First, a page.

Words by Johanna Harlow
High tea at Burlingame’s Leland Tea Company isn’t a delicate, doily affair. Breaking with pinky-up pretension, it opts for heart instead. “It’s not frilly,” owner Wil Otero shrugs as he sips black tea with bergamot on the plant-fringed patio. Beside him: a plate of scones, still warm from the oven. “I just want people to feel comfortable… Tea is more about taking a deep breath.”
If anything, there’s an element of charm here. With a dapper early-20th-century theme, Leland features hand-painted, old-glamour Hollywood types along the counter, fence and tabletops, artistic renderings by San Francisco Art Institute students.
When longtime customer and friend Charlotte Ratzlaff comes over to share her motives for returning again and again to Leland, one reason tops the list: “It’s mostly Wil,” she states, adding that the atmosphere and quality ingredients are also a draw. “There are people who just radiate love—and some people do that in a way that is kind of mushy and overly sentimental…” She turns to Wil. “You’re full of snark. But it’s very loving snark.” Wil squeezes his soft stomach meaningfully, “I’m mushy, but I’m not mushy.” Charlotte chuckles, “And there’s free entertainment.”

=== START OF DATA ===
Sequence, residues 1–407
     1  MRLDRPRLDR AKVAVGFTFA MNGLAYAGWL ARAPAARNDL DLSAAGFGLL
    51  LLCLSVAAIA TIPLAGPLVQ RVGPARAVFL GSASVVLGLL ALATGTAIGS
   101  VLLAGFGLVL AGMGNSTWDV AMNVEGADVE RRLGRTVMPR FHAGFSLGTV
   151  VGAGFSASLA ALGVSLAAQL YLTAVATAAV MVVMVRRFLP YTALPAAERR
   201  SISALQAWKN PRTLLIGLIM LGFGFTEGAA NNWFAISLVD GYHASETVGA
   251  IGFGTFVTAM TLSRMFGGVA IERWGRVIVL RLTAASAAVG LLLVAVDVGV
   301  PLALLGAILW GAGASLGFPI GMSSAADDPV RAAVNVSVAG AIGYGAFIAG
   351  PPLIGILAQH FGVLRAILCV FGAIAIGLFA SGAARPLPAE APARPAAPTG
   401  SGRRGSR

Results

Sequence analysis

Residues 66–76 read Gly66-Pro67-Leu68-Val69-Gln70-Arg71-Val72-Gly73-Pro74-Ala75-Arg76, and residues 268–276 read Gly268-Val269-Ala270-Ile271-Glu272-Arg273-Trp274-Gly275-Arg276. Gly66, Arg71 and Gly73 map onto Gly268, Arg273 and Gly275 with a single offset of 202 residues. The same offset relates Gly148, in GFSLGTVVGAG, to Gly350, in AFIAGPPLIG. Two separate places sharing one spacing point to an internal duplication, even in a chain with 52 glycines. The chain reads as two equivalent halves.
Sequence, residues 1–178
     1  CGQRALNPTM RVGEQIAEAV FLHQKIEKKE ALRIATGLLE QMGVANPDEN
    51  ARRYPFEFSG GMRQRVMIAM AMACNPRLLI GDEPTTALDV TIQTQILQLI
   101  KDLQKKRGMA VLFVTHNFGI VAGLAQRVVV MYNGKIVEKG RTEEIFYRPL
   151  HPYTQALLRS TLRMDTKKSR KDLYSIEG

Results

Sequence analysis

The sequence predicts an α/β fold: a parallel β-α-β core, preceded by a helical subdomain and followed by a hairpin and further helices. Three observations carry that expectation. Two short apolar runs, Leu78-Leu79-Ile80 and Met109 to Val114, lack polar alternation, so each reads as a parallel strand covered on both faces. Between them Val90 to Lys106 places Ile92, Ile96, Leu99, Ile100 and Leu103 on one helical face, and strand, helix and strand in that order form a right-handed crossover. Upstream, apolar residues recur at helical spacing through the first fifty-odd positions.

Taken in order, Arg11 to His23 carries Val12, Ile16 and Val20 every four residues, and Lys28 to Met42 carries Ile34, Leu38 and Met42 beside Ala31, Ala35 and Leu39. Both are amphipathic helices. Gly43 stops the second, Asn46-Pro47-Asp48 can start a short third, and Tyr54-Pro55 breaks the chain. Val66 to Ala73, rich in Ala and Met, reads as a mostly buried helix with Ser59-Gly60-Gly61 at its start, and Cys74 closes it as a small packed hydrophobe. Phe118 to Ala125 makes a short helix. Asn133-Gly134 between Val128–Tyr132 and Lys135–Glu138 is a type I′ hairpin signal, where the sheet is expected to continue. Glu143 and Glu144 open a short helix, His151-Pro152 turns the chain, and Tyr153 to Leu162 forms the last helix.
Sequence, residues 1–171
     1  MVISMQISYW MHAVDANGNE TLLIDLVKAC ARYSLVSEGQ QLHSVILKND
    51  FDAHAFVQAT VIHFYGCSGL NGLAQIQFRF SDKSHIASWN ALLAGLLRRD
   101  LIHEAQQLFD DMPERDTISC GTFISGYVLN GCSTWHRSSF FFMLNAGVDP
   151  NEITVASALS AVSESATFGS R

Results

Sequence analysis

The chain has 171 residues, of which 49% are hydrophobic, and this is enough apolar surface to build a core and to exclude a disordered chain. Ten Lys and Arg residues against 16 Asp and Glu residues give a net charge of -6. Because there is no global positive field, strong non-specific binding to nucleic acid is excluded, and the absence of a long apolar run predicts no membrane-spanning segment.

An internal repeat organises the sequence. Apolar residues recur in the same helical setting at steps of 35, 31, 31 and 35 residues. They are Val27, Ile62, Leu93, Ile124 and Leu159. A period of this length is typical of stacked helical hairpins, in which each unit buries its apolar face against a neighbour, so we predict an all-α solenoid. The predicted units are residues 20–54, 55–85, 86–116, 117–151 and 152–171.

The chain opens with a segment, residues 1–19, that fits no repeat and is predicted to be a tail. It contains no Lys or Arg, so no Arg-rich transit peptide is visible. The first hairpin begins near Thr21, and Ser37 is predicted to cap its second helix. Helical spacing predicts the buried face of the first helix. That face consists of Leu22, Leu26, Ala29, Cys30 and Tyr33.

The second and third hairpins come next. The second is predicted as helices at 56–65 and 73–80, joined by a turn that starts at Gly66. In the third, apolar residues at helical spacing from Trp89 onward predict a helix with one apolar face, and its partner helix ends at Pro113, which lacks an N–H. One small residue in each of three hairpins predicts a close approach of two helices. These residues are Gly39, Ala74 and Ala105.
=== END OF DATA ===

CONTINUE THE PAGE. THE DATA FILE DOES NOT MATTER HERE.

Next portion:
Most days, you can find Leland’s owner over by a display of loose leaf tea tins known as the Tea Bar. You’ll know Wil by his irrepressible laugh, which bubbles out of him—wholehearted and often—along with the occasional gleeful cackle thrown in for good measure. An ardent people person, Wil has crafted many of his 85 tea blends via conversation—brainstorming flavor profiles and ingredients to match each guest’s individual palate.
“I might suggest adding some lavender or some lemongrass and ginger,” he notes. “And you might say, ‘I don’t like ginger, but I’ll try the lavender.’” He’ll check in later so he can fine-tune things in anticipation of the next visit. You’ll even find inspiration for tea ingredients from Wil’s tattoo sleeves; inked on his arms are more than a dozen flowers, herbs and spices from cardamom to clove, rosehip to elder flower.